These verses plainly say that people who persistently follow these sins are not saved. This is the clear message, which, again, is why we need commentaries to explain to us how actually Paul meant the exact opposite of what he just said.
So, we can conclude with most commentaries that Paul is actually OK with people persisting in these sins, we can then argue, “And what constitutes ‘persisting?’ One time a day? Two? Three?” We can then follow-up with “he’s referring to our position in Christ, not our actual behavior.”
Thus, we have eliminated Paul’s point and can carry on doing unrighteousness and convince ourselves we are going to heaven.
However, if you’d rather face the truth, read Paul’s context. After his list of sinners who won’t be in heaven, Paul says in 1 Corinthians 6:11, “and such were some of you,” which clearly teaches that those who are saved, washed, cleansed, do not continue in their sins as they did before.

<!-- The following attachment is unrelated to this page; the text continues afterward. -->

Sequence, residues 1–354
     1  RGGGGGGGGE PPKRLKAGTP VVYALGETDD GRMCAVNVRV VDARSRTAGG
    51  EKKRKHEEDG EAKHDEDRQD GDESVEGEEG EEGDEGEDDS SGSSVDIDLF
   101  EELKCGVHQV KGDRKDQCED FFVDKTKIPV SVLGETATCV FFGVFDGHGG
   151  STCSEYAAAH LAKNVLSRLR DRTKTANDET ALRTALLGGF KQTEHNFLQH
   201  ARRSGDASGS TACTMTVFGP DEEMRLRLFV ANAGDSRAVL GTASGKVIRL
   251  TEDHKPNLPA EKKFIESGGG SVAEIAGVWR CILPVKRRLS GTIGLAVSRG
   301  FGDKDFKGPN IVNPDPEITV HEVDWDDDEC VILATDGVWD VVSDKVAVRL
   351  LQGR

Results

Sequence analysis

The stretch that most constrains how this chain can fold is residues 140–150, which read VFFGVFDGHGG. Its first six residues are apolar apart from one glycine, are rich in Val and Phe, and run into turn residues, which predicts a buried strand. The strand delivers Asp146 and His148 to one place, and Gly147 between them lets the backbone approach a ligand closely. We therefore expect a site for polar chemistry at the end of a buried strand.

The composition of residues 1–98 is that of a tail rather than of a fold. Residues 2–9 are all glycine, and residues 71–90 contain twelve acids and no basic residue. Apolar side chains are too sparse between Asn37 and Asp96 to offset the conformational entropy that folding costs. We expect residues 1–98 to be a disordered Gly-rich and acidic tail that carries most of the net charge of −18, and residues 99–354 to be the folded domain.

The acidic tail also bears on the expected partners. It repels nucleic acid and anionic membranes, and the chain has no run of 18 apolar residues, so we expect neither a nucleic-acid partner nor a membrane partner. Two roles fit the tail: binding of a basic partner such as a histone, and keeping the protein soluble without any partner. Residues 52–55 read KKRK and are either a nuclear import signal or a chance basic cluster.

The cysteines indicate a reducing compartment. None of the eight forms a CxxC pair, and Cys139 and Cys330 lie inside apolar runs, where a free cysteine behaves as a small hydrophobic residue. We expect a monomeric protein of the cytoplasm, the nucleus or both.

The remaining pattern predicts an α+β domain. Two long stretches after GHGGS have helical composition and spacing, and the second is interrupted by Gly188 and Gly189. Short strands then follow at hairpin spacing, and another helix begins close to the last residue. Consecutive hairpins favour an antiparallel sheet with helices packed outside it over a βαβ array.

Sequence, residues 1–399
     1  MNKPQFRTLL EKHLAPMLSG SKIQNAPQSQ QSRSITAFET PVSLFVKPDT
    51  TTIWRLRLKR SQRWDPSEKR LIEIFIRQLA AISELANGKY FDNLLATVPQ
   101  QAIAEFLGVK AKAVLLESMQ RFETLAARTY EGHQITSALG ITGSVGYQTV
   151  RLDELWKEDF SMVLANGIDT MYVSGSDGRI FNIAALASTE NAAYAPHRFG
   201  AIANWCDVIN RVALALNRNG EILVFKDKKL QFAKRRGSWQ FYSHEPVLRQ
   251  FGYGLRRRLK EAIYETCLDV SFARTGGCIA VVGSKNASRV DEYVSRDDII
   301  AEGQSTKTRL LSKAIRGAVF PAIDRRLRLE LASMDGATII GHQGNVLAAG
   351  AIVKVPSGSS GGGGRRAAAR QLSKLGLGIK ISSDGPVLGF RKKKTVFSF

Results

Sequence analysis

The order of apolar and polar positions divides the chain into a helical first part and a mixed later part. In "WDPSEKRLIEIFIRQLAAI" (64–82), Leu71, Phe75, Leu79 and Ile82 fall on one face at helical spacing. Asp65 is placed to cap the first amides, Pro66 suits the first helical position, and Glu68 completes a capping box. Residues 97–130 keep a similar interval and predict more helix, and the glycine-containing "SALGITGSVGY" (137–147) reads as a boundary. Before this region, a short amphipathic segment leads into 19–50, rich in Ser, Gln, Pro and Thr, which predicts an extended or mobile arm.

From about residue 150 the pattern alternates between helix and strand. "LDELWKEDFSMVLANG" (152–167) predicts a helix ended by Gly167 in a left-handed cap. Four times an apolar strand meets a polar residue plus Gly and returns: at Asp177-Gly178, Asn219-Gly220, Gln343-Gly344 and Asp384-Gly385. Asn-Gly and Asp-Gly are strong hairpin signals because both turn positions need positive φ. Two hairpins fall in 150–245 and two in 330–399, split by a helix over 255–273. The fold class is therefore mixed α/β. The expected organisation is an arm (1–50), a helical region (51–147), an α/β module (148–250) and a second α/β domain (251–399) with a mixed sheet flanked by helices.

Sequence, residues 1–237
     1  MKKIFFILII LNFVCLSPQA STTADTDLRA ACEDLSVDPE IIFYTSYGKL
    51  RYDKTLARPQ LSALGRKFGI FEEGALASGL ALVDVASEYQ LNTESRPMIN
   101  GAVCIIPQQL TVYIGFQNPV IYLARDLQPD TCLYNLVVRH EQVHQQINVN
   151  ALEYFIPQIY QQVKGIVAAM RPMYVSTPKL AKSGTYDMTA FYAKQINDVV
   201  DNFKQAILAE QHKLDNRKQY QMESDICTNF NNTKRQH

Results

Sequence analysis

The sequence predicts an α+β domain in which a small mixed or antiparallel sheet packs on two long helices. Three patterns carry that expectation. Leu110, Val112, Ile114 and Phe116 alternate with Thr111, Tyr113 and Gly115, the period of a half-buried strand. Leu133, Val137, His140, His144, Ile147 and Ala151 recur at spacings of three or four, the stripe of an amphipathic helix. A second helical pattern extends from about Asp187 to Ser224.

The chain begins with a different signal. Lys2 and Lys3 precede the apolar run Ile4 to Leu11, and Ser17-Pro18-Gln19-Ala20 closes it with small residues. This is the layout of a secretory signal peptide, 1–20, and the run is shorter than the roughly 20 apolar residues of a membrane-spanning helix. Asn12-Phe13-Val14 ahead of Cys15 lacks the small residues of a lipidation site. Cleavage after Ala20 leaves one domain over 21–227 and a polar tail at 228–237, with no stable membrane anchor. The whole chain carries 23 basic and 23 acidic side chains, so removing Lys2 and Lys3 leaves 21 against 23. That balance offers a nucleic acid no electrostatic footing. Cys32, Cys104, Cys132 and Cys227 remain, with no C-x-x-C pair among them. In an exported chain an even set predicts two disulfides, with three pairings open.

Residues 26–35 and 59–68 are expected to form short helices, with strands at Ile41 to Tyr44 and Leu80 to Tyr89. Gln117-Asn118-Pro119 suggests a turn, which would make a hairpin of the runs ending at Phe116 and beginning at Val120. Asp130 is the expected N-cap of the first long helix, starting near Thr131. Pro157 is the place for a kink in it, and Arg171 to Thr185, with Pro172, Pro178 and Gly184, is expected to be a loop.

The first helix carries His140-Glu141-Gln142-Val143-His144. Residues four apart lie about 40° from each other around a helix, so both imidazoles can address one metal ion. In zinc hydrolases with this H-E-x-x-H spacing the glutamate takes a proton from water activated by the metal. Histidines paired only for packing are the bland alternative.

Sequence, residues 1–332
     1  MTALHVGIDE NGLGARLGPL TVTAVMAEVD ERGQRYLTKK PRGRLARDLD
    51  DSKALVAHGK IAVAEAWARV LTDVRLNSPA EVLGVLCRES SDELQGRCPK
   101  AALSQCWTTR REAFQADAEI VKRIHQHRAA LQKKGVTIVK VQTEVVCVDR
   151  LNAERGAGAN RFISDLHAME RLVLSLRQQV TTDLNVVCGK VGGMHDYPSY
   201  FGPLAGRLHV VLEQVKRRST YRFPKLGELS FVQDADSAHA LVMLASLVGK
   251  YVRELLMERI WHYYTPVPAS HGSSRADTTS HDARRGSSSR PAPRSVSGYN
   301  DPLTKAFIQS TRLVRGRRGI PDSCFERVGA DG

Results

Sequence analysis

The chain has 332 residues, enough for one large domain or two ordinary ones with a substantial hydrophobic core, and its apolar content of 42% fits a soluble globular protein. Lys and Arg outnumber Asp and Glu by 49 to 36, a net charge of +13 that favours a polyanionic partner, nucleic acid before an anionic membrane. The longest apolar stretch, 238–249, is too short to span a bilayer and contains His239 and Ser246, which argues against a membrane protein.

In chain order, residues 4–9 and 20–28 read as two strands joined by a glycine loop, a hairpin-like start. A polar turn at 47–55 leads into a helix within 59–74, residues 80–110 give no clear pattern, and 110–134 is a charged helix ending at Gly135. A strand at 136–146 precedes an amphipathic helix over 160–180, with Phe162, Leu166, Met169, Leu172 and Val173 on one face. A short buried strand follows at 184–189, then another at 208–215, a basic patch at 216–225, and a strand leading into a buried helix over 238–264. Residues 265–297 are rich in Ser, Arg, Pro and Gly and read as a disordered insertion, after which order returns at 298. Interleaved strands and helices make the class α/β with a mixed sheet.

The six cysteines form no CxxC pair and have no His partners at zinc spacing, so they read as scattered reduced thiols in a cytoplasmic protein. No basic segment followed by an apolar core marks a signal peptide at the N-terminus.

Galatians 5 follows the list of sins with the fruit of the Spirit. A man with the Spirit will have this fruit and not the works of the flesh on display. Paul is speaking of practical sanctification, a real, true change in a man.
There may be a process of cleansing in practice, but it will happen if a man is truly saved.
1 Corinthians 6 says sinners won’t be in heaven and Acts 16:31 and Ephesians 2:8 tell us we are saved by faith, is there a contradiction?
No, what you have is part of the Bible’s definition of faith. Faith without putting off sin is no faith at all. You must have faith first, the ability to hear and putting off sin is the result of hearing–you do what you’re told and we are told to put off sin and all filthiness of the flesh and Spirit, only the believer can do this and the believer will!
If you do not do what you’re told, you have not heard, and thus, you have no faith. I could go on, but I’ve made enough of a case to get you thinking and that’s what I intended to do. Consider my hole dug.